Saturday, February 20, 2010

- The Eyre Penninsula -

Awaking in Port Pirie we made plans to tour around the Eyre Peninsula, having myself been there before and loved it, i really wanted to show Bren around the area. Best known for its remoteness, oysters and alternate route to parts of the Nullabor drive, it is well worth a look.

We began the journey passing through Port Augusta, the gateway to the centre, the west and the east. But apart from all this opportunity when you get there, there really isn't much else to Port Augusta other than being outback, and a mining port. we continued onto Whyalla, a windy mining town on the eastern coast of the Peninsula. here we caught up with an old friend of mine, Belinda, who i met on my travels 5ish years ago. It was great catching up and eventually became a BBQ and Beers evening.

(View from Whyalla lookout.)

The next day we said our goodbyes and continued down the coast calling into the little seaside towns. We eventually pulled into Tumby Bay which is quite a contrast to Whyalla, with a sweeping bay, beautiful white sandy beach, and a excellent jetty for fishing. We set up camp earlier than most days and set off for a fish when the tide was right... few hours later, with a few nibbles and unfortunately no fish to speak of, we called it quits. Bugger guess, I'll have to change the menu for tonight!

All packed up the following morning, we called into the biggest town on the peninsula, Port Lincoln. Known as a fishing port there was plenty to look at, we fishing vessels returning with their catch. We enjoyed a coffee and picked up some more information before heading out to the fish market to pick up a couple of fillets.... seeing as though we could catch a thing the night before! While in Port Lincoln many of the adventurous also pluck up the courage to go Great White Shark cage diving of the near by islands, which i would love to do someday, however it is quite expensive... so i wasn't going to be on this trip!

The road from Port Lincoln to Coffin Bay links the east to the west of the Peninsula. We pulled up in Coffin Bay for lunch while overlooking the beautiful bay. As you call into the town you can see how the Oysters are farmed, encased in baskets and hung on racks in the shallow water. We also bought some local Coffin Bay oysters, which was hard not to over indulge as they're are so cheap here compared to back home! Our plan was to camp the night in Coffin Bay National Park, however it was getting later in the day and the trip out would involve a mission of 4wding etc. We decided to push on to Elliston, further up the west coast. Coffin Bay also marked where the car clicked over to 400,000km on the clock!! My god, what an effort and still going strong!!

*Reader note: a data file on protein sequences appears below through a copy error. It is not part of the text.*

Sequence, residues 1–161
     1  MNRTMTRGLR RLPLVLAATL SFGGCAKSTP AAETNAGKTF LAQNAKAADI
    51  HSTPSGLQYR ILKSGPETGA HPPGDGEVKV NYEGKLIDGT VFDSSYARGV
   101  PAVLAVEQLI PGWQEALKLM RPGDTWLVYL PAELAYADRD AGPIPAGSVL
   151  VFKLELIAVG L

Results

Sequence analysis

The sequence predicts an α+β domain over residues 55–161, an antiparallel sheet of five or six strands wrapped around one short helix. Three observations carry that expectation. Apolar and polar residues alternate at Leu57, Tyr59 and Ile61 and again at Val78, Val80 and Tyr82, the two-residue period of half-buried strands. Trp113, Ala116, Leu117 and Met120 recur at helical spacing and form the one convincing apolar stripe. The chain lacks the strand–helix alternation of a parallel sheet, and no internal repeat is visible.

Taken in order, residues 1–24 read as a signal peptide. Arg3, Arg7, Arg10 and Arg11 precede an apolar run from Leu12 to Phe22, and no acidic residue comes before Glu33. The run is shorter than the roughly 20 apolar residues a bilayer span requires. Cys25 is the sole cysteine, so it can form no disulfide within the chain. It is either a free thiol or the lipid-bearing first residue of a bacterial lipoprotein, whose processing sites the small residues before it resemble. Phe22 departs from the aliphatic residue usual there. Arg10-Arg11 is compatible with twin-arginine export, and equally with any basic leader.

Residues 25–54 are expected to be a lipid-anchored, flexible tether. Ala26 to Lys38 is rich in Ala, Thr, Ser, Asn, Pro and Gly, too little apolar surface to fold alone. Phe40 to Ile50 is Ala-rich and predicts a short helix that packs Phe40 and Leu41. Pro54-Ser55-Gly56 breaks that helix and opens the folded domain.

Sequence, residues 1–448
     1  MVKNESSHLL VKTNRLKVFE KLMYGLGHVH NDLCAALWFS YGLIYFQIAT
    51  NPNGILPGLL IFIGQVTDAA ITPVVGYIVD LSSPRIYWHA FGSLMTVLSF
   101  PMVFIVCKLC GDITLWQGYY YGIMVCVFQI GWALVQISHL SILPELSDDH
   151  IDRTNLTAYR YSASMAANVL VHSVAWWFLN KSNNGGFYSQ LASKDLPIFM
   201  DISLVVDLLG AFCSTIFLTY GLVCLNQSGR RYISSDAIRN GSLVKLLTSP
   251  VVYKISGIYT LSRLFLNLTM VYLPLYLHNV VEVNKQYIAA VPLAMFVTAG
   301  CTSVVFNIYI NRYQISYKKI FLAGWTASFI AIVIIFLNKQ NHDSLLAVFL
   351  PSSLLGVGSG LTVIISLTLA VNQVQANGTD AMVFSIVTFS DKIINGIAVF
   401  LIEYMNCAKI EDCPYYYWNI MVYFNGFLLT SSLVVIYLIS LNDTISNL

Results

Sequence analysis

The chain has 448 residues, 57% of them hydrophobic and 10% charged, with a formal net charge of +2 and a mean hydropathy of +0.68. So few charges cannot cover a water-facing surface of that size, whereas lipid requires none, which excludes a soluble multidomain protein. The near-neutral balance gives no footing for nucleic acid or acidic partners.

Once all step up for the evening in Elliston, i cooked up a glorious local feed, with the fish fillets and oysters we have purchased during the days travels! Yummooo!

(Bren having fun on the Elliston Coastal Sculptures.)

This stretch of coast would have to be my favourite of the Eyre Peninsula. The rugged coastline has claimed many ships, and then the sheltered bays provide quaint little fishing villages and the tourists love it! We spent the next day exploring, doing scenic drives. Talia caves were impressive with the force of the southern ocean carving out hollows in the limestone. Another highlight was the Murphy's Haystacks. Where a series of Rocks have been moulded over millions of years of wind erosion, making for some impressive photo's! Not far from the Haystacks we pulled up for lunch at a beautiful beach called Sceale Bay. The colour of the water was just breath taking!

(Murphy's Haystacks.)

That afternoon we completed the scenic drive on the headland near Streaky Bay. Which offered further glimpses of spectacular coastline. We we planning on staying in Streaky however we found out about this perfect little spot, not much further north and it was free. Free only due to a current land dispute with neighbouring landowners, but brilliant for us... when we arrived we were a little unsure as most of the parking area was taken up by motor homes... was there room for us??We spoke to one of the "local" travellers and found out we could camp under the beach shelters on the Beach!! Fantastic! It was like a dream, we set up camp under a huge shaded shelter only meters from the waters edge... it was amazing! Then and there we decided on another night.. after all is was FREE!

(Lookout near Streaky Bay!)

(Our camp and view under the beach hut, Perlubie Beach.)

The whole next day was spent walking along the long white sandy beach, swimming when we got a little hot, reading in the shade when we got too burnt and enjoying a beer as the sun went down over the ocean! What a way to end our trip around the Eyre Peninsula as the following day we were into Ceduna for supplies and embark on the journey across the Nullabor back to the west!

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